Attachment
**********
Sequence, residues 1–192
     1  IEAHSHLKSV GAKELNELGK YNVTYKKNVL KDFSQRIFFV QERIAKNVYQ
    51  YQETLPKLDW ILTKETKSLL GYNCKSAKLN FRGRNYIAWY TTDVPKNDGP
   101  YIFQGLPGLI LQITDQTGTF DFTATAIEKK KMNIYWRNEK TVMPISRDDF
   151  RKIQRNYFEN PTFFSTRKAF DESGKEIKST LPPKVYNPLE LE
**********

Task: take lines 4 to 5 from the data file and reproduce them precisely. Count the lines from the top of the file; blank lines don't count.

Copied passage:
   101  YIFQGLPGLI LQITDQTGTF DFTATAIEKK KMNIYWRNEK TVMPISRDDF
   151  RKIQRNYFEN PTFFSTRKAF DESGKEIKST LPPKVYNPLE LE